12 Possible Health Benefits of Intermittent Fasting
Intermittent fasting (IF), one of the most talked-about diets right now, is a way of eating that designates periods of time for eating and for fasting. And no signs suggest interest is waning. “IF, in its different forms, is holding a steady pace,” says Kimberley Rose-Francis, RDN, CDE, a nutritionist based in Sebring, Florida. “Recently, actress Jennifer Aniston was quoted stating that IF has made a ‘big difference’ in her life,” as Us Weekly reports.
There are a few different approaches, but the two most popular are 16:8, which calls for squeezing all the day’s meals into an eight-hour window and fasting for the remaining 16 hours, and 5:2, where five days of the week are spent eating normally and two are spent fasting (usually defined as eating only 500 to 600 calories per day).
Why would someone opt for this way of eating versus a standard diet, such as going low-carb or low-fat? Some say fasting has loads of health benefits. “The research so far proves the benefits of IF to the extent that it is worthwhile as a method to lose weight, manage your blood sugar, and slow down the aging process,” says Sara Gottfried, MD, of Berkeley, California, author of The Hormone Cure, The Hormone Reset Diet, and Brain Body Diet.
But not everyone’s on board. “From my standpoint and the standpoint of a lot of other people, it does tend to fall into the next fad diet category,” says Elizabeth Lowden, MD, a bariatric endocrinologist at the Northwestern Medicine Metabolic Health and Surgical Weight Loss Center at Delnor Hospital in Geneva, Illinois. A lot of the data is conflicted, she says, and many studies done on animals have not yet been repeated in people. “For every study that shows there’s no change, there are some studies that show maybe there is improvement,” she says.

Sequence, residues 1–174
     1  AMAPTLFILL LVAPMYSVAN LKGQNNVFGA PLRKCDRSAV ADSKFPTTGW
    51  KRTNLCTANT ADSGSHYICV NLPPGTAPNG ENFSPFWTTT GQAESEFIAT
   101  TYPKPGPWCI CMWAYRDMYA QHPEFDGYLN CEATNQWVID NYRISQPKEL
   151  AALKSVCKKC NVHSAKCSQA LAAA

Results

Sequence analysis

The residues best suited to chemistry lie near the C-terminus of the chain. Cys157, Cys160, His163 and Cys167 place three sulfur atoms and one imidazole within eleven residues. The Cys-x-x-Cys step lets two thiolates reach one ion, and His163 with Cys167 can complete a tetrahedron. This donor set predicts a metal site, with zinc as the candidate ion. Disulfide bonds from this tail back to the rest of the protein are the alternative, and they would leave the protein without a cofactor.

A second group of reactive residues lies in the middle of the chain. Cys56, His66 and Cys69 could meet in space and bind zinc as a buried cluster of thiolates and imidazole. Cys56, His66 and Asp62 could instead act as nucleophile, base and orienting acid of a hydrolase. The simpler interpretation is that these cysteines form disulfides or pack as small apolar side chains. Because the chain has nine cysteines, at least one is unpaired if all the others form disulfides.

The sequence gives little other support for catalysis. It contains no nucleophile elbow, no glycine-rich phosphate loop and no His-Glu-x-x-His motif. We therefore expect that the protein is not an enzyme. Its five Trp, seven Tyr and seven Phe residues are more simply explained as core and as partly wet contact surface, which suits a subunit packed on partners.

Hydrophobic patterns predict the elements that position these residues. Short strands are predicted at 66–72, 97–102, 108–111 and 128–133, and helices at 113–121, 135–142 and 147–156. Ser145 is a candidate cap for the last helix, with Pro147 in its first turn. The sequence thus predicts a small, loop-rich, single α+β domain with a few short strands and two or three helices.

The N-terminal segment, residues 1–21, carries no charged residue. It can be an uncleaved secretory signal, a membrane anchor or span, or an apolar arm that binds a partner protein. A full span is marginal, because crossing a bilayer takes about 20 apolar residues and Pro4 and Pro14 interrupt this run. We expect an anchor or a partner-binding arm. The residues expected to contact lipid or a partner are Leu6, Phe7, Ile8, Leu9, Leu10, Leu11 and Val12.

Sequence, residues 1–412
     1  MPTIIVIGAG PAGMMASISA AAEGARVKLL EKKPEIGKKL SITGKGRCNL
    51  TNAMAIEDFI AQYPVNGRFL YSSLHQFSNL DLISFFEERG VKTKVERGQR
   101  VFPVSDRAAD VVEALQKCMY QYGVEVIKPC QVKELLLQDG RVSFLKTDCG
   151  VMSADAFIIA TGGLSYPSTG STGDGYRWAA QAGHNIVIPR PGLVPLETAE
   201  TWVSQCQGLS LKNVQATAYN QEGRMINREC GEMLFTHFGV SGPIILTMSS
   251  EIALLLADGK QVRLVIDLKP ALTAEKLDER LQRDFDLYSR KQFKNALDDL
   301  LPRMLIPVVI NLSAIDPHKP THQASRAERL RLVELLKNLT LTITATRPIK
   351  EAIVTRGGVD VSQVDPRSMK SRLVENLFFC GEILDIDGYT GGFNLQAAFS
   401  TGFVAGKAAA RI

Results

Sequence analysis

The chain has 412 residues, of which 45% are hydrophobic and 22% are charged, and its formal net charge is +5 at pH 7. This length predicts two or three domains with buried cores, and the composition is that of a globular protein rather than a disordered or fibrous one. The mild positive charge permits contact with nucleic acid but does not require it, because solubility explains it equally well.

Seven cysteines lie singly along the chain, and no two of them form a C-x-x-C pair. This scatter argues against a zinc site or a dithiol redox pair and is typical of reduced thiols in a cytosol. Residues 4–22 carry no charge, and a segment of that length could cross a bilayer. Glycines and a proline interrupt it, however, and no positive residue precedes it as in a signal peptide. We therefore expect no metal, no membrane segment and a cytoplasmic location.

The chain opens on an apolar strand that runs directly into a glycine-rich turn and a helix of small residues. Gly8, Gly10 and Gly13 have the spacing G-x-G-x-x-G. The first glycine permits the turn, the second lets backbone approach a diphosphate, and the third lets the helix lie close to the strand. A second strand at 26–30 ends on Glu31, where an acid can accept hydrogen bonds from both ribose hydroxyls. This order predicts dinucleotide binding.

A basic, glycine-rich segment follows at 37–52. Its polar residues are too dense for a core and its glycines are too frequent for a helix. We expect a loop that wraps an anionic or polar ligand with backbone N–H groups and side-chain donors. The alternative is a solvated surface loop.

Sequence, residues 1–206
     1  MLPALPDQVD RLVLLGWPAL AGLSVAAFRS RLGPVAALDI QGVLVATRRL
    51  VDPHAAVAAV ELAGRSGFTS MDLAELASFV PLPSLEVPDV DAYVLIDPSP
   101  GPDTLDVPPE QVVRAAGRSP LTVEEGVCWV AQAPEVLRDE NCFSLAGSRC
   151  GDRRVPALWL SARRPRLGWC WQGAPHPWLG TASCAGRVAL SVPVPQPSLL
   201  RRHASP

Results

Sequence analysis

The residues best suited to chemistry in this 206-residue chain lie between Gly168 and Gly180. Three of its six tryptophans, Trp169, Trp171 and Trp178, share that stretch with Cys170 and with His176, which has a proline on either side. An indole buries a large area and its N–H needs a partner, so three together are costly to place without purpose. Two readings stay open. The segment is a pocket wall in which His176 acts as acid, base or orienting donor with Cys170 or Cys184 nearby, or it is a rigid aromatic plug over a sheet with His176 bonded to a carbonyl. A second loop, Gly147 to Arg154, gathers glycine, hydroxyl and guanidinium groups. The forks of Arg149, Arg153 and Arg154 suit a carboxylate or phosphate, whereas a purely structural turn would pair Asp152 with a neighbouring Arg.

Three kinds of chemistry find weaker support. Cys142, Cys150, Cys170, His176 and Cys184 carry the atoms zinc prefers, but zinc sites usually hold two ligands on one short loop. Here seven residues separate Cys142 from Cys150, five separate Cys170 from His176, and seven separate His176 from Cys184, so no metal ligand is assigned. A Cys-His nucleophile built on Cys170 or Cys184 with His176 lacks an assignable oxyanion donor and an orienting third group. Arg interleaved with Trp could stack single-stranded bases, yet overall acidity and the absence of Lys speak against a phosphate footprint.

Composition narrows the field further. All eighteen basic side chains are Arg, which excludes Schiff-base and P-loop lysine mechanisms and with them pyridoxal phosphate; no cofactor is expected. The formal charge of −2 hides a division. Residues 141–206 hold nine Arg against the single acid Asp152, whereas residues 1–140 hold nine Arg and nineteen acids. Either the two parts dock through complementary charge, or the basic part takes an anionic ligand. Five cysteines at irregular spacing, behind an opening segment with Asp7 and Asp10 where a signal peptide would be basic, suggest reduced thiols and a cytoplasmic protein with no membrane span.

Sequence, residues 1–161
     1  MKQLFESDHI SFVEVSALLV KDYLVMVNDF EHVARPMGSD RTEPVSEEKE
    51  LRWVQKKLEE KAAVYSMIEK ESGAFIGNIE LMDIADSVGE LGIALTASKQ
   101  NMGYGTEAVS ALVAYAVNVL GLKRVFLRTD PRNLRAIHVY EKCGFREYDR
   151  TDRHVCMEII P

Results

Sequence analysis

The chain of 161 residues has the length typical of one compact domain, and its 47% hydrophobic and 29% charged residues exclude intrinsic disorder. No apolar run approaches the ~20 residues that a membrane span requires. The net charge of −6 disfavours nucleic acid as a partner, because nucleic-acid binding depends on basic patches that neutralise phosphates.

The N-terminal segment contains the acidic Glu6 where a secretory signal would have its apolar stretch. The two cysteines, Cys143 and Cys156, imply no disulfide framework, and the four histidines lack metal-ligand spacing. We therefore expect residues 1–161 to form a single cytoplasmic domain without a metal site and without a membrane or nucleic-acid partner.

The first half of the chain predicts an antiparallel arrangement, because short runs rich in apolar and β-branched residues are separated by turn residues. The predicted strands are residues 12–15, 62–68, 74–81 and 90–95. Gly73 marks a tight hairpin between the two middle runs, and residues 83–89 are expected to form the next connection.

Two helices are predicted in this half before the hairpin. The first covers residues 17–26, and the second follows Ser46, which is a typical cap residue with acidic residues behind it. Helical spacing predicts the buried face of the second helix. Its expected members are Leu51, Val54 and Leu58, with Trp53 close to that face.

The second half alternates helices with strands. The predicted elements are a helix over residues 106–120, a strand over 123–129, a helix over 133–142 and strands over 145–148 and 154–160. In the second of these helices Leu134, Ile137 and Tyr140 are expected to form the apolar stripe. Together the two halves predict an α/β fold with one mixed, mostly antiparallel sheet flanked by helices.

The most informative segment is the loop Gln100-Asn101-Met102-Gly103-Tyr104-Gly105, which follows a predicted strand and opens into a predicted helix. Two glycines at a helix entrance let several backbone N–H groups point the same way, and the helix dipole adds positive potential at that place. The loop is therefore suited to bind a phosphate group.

So rather than take the claims at face value, we decided to dive into them and explore whether 10 touted benefits of IF are legit, or the science doesn’t yet stack up.
1. Weight Loss
Most people start IF to lose weight. And that claim seems to hold up, at least in the short term. According to an article published in August 2015 in the Journal of the Academy of Nutrition and Dietetics, there’s a chance that any version of IF may contribute to weight loss. The researchers looked at data from 13 studies and found that average weight loss ranged from 1.3 percent for a two-week trial to 8 percent for an eight-week trial.
That’s probably welcome news if you’re hoping to fast for weight loss, but the fact that those studies were short term means it’s unclear if IF is sustainable and can help you keep extra pounds off in the long run.
The other catch: The amount of weight lost doesn’t seem to be any more than what you’d expect from another calorie-restricted diet, and depending on how many calories you’re eating each day, you could even end up gaining weight. After all, the diet doesn’t restrict high-calorie foods.
When the diet is done properly, IF can be as effective as normal caloric restriction, Dr. Lowden says. Some people, especially busy people who don’t have time to devote to meal planning, might even find a time-restricted diet easier to follow than something like the keto diet or the paleo diet, she says.
2. Reduced Blood Pressure
IF may help lower high blood pressure in the short term. A study published in June 2018 in Nutrition and Healthy Aging found 16:8 significantly decreased the systolic blood pressure among the 23 study participants. The link has been shown in both animal and human studies, according to a review published in March 2019 in Nutrients. And, an October 2019 study published in the European Journal of Nutrition found IF led to even greater reductions in systolic blood pressure than another diet that didn’t involve defined eating times.
Having a healthy blood pressure is important — unhealthy levels can increase your risk for heart disease, stroke, and kidney disease.